Nikki Finke: Live-Snarking Golden Globes, Golden Globes Winners List, Golden Globes Studio/Networks Scorecard

Pay cable triumphed at the Golden Globe Awards. Of the 11 TV categories, premium cable networks won seven, compared with two for broadcast and two for basic cable in a field dominated by shows and programs which the general public is largely unfamiliar with. If we take out British imports Downton Abbey and Luther, the final score is 7-1-1. Until the final TV award of the night — best comedy series, which went to ABC’s Emmy-winning and hugely popular Modern Family — pay cable networks had swept every one of the six top series category including best drama series for Showtime’s Homeland. What’s more, all three premium cable networks were represented: HBO and Showtime won three awards each, and Starz earned its first Golden Globe for Boss‘ star Kelsey Grammer. Showtime also scored a first, landing its first best series win for Homeland. The thriller drama was the only multiple winner tonight with two statuettes; it also won for best actress in a drama series with Claire Danes, who extended her perfect record at the Golden Globes with a third victory in three nominations. Danes’ victory came 17 years after she won the category for her first series, ABC’s My So-Called Life. (Danes also earned a Globe last year for the HBO movie Temple Grandin.) Pay cable’s other top series wins include best comedy actress Laura Dern of HBO’s Enlightened and best comedy actor Matt LeBlanc for Showtime’s Episodes. Additionally, a pay cable series also won the hodgepodge supporting actor in a TV series/mini-series/TV movie category, which went to Peter Dinklage of HBO’s Game Of Thrones. On the distaff side, a Golden Globe went to Jessica Lange of FX’s American Horror Story, one of only two statuettes for basic cable programs. The other was for Idris Elba, winner for best actor in a mini-series/TV movie for BBC America’s Luther.

In addition to thwarting a full sweep for pay cable in the top series category, Modern Family’s best comedy series win bucked another trend of series wins going to new series. Third-year Modern Family, which landed its first best series Golden Globe after surprising losses to Glee the last two years, was the only non-freshman series to win tonight. The first-time nominated/winning series include Showtime’s Homeland and Episodes, HBO’s Enlightened and Game Of Thrones, Starz’s Boss and FX’s American Horror Story. The news is especially gratifying for Mike White’s Enlightened, which was in danger of cancellation after opening with 210,000 viewers and failing to improve much throughout its freshman run. But the dark comedy has been on a roll in the past month, scoring two Golden Globe nominations, including best comedy series; a renewal by HBO; and now a Globe win. Similarly, Grammer’s win and Boss‘ two Globe nominations, including best drama series, should make Starz’s brass feel better about their decision to pick up the ratings-challenged series for a second season before the premiere. And LeBlanc’s win should give Showtime ammunition in its marketing push for the modestly-rated show’s second season, which Showtime chief David Nevins earlier this week identified as the network’s big priority this coming summer. On the flip side, Grammer’s win means that Bryan Cranston is yet to win his first Golden Globe for his Emmy-winning role on Breaking Bad.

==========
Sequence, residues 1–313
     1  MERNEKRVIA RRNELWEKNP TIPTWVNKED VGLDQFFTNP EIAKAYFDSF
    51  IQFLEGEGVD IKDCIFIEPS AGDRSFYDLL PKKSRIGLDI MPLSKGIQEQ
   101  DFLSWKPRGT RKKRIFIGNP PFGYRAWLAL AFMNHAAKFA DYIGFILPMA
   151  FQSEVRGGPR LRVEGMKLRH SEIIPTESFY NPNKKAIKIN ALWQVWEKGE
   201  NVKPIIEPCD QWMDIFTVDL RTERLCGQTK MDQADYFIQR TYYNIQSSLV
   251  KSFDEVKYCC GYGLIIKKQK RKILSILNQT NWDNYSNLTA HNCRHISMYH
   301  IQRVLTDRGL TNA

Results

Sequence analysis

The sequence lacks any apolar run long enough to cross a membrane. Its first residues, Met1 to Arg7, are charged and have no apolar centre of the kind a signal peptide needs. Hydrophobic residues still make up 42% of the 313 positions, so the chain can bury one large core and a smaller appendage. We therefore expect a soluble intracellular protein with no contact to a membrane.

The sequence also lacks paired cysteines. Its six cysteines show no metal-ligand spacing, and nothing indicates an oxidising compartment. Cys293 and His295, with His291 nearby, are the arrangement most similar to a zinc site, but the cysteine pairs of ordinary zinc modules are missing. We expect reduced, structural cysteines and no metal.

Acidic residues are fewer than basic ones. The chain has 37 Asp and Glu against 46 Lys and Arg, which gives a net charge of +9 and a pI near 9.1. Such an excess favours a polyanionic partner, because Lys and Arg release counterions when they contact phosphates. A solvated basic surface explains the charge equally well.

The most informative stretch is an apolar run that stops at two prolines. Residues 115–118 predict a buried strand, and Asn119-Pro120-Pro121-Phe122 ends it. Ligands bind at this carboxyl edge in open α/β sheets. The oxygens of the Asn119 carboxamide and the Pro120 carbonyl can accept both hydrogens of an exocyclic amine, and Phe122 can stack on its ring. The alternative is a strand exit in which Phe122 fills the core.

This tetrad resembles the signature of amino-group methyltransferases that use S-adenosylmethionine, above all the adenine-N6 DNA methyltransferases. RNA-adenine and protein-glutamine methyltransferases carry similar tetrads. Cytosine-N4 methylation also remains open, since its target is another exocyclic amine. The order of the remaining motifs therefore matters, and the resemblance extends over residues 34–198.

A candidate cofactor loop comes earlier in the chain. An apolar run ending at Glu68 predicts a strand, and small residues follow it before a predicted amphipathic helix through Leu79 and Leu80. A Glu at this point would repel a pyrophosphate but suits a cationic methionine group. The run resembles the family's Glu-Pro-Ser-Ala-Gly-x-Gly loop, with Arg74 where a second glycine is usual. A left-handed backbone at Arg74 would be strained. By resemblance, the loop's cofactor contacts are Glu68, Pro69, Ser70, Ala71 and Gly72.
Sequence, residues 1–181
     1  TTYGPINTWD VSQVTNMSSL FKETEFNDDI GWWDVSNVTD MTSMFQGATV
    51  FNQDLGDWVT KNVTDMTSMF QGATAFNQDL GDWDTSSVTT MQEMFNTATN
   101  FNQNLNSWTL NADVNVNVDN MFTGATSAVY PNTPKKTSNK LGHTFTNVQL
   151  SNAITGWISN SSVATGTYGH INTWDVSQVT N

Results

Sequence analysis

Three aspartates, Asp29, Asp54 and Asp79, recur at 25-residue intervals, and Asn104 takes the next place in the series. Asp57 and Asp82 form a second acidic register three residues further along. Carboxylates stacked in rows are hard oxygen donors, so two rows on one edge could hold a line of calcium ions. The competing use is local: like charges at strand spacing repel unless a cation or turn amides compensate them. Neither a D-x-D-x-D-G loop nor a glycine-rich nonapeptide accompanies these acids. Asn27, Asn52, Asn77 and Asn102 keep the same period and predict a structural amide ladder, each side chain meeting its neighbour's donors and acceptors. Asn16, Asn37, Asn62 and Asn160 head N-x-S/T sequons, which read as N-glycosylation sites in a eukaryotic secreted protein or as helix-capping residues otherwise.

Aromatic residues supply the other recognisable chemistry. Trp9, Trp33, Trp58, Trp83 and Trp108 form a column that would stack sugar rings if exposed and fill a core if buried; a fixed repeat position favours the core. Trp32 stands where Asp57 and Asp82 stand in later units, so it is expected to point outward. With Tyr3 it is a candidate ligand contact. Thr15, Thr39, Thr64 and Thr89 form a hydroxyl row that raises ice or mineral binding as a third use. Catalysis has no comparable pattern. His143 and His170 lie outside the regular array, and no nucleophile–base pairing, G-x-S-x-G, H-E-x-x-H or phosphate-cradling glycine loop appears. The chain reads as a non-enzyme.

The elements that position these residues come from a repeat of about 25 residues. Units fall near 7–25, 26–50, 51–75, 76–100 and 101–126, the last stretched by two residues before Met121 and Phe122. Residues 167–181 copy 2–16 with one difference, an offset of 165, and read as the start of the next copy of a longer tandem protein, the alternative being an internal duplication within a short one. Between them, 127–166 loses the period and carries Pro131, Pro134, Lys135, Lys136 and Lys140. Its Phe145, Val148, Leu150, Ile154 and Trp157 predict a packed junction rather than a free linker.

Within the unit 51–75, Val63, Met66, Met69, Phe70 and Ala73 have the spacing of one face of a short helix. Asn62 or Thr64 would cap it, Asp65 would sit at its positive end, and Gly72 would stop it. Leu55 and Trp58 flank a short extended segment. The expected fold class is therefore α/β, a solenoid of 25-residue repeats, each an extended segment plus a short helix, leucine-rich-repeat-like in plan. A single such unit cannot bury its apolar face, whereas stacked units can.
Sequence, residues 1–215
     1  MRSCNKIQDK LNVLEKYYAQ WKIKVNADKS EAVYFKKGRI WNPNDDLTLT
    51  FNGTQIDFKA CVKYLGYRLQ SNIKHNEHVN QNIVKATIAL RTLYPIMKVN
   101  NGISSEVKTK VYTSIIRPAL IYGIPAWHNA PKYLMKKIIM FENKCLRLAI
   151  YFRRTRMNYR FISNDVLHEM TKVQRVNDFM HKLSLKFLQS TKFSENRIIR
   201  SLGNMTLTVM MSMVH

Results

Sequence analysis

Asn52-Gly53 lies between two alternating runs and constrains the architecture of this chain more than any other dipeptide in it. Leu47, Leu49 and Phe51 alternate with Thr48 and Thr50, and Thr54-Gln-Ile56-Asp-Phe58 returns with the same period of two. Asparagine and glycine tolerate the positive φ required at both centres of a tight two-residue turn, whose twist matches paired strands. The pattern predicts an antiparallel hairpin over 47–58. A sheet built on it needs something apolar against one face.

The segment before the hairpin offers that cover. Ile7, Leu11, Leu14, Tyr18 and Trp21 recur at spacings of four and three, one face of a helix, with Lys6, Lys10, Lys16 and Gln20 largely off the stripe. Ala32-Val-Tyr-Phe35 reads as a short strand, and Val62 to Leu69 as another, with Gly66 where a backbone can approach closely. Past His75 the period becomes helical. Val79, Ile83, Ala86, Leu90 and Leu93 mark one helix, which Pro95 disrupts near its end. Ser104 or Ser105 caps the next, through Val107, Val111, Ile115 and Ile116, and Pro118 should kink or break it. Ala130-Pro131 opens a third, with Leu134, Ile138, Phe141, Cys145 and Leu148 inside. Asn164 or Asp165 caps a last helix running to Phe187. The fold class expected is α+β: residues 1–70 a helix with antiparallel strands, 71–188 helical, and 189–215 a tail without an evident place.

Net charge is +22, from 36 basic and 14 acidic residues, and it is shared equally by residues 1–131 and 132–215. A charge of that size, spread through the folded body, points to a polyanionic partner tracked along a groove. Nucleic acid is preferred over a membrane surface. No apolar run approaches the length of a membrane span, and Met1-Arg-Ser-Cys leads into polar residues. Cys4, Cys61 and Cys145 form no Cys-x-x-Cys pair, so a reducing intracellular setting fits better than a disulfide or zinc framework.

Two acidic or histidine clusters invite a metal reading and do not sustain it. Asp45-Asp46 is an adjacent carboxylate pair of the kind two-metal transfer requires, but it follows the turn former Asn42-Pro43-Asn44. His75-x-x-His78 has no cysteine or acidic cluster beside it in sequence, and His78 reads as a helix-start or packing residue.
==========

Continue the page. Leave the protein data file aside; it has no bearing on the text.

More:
In the top three long-form categories, two were repeat winners, having won at the Emmys in September: Downton Abbey for best TV movie/mini-series and Mildred Pierce’s Kate Winslet for best actress. They were joined by Luther‘s Elba. But the great showing for Downton Abbey, which gave broadcast its second win for the night via PBS, and Luther also raises a question: Why are shows, which are each on their third season in the U.K. competing as mini-series in the U.S.?

On the production side, it was a big night for 20th Century Fox TV, which is behind the winners in four categories, including best drama and best comedy series: Homeland (2 nods), produced by 20th TV’s Fox21 division, Modern Family and American Horror Story. HBO was next with three, and British pubcaster BBC also had a strong showing as producer/co-producer of Luther and Episodes.

(Photos: Getty Images)